PLoS ONE  2012;7(7):10.1371/annotation/f2df1a21-1df3-4c2d-a99a-b054dfbc6443.
PMCID: PMC3393760
24.  Quantitative study of cardiac motion estimation and abnormality classification in emission computed tomography 
Medical engineering & physics  2011;33(5):563-572.
Quantitative description of cardiac motion is desirable to assist in detecting myocardial abnormalities from gated myocardial perfusion (GMP) emission computed tomography (ECT) images. While “optical flow” type of cardiac motion estimation (ME) techniques have been developed in the past, there has been no quantitative evaluation of their performance. Moreover, no investigation has been performed in terms of applying an ME technique to quantify cardiac motion abnormalities. Using the four-dimensional NCAT beating heart phantom with known built-in motion, the current work aimed at addressing the aforementioned two issues. A three-dimensional cardiac ME technique was developed to search for a motion vector field (MVF) that establishes voxel-by-voxel correspondence between two GMP ECT images. The weighted myocardial strain energy served as the constraint in the process to minimize the difference between one intensity image and the MVF warped other. We studied the convergence of the ME technique using different initial estimates and cost functions. The dependence of estimated MVF on the initialization was attributed to the tangential motion that is undetectable while not suppressed by the strain energy constraint. We optimized the strain energy constraint weighting using noise-free phantom images and noisy reconstructed images, the former against the known MVF and the later in the task of regional motion classification. While the results from the above two studies well coincide with each other, we also demonstrated that upon appropriate optimization the ME method has the capability of serving as a computer motion observer in separating simulated noisy reconstructed GMP SPECT images corresponding to hearts with and without regional motion abnormalities.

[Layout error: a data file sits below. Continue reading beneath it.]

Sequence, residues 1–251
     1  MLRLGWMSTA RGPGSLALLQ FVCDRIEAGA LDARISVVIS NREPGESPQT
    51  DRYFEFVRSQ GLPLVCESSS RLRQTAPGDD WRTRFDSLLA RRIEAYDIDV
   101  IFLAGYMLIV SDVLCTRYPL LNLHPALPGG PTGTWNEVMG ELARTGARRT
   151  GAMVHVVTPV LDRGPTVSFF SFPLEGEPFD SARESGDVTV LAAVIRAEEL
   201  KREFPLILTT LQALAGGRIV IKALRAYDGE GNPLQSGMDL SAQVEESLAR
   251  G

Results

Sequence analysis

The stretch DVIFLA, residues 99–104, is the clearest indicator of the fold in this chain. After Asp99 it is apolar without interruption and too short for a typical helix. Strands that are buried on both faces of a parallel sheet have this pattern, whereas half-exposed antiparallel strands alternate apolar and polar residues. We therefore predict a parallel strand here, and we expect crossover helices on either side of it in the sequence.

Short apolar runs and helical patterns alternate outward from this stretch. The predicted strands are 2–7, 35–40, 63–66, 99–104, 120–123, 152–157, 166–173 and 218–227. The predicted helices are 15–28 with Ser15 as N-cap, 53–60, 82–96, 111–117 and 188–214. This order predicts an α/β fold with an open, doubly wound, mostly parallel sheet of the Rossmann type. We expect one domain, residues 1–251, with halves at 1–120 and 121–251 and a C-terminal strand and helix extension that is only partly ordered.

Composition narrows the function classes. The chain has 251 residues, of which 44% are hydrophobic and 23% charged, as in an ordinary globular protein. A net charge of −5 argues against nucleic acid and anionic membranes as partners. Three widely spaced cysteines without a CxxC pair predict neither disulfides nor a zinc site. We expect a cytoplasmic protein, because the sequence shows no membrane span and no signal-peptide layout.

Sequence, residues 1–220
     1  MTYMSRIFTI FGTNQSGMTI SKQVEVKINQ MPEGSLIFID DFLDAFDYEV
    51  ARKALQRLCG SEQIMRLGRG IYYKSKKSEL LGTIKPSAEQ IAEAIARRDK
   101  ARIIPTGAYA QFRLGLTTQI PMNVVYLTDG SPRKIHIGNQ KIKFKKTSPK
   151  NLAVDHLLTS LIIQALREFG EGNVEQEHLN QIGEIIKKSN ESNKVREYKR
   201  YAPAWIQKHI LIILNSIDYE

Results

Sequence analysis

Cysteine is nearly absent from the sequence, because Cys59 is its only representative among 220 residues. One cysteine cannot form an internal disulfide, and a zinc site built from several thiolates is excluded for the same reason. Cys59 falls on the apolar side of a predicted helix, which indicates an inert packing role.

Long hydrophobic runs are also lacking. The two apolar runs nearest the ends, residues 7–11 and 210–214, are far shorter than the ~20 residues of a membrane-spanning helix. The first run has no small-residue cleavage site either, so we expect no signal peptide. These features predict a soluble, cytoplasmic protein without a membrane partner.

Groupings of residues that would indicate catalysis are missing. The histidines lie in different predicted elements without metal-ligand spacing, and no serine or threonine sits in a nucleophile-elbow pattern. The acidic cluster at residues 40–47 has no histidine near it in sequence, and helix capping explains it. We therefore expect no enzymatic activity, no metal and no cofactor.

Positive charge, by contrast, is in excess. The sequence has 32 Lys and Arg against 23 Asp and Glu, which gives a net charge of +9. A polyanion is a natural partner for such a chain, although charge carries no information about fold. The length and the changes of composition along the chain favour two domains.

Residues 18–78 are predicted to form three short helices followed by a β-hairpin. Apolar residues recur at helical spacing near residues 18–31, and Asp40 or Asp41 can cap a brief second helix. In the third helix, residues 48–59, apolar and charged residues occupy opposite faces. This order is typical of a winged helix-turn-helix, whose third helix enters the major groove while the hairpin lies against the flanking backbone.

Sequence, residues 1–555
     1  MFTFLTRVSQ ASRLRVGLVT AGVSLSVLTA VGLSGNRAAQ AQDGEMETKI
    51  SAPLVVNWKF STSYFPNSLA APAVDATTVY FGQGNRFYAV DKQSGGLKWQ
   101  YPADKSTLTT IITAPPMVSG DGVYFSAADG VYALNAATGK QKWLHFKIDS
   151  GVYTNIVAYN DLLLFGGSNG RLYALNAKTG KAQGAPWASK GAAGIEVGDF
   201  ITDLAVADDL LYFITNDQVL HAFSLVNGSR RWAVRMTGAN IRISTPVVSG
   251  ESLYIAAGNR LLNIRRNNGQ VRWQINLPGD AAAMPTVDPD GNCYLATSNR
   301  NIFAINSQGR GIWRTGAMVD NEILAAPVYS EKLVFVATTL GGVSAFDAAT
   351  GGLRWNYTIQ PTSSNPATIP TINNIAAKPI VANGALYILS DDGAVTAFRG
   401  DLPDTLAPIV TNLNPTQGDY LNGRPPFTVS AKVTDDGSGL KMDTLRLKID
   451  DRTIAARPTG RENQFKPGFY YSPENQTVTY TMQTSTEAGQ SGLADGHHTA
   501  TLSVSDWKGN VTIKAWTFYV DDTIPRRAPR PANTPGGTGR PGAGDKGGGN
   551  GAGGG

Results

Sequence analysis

PMCID: PMC3095733  PMID: 21269868
25.  A Novel Inhibitor of Human La Protein with Anti-HBV Activity Discovered by Structure-Based Virtual Screening and In Vitro Evaluation 
PLoS ONE  2012;7(4):e36363.
Over 350 million people worldwide are infected with hepatitis B virus (HBV), a major cause of liver failure and hepatocellular carcinoma. Current therapeutic agents are highly effective, but are also associated with development of viral resistance. Therefore, strategies for identifying other anti-HBV agents with specific, but distinctive mechanisms of action are needed. The human La (hLa) protein, which forms a stabilizing complex with HBV RNA ribonucleoprotein to promote HBV replication, is a promising target of molecular therapy.
This study aimed to discover novel inhibitors of hLa that could inhibit HBV replication and expression.
A multistage molecular docking approach was used to screen a Specs database and an in-house library against hLa binding sites. Sequential in vitro evaluations were performed to detect potential compounds with high scores in HepG2.2.15 cells.
Of the 26 potential compounds with high scores chosen for experimental verification, 12 had HBV DNA inhibition ratios of less than 50% with P<0.05. Six had significant inhibition of HBV e antigen (HBeAg) levels, and 13 had significant inhibition of HBV surface antigen (HBsAg) levels by in vitro assays. Compounds HBSC-11, HBSC-15 and HBSC-34 (HBSC is system prefix for active compounds screened by the library) were selected for evaluation. HBSC-11 was found to have an obvious inhibitory effect on hLa transcription and expression.
Our findings suggest that anti-HBV activity of HBSC-11 may be mediated by a reduction in hLa levels. In addition, our data suggest the potential clinical use of hLa inhibitors, such as HBSC-11, for treating HBV infection.
PMCID: PMC3338670  PMID: 22558448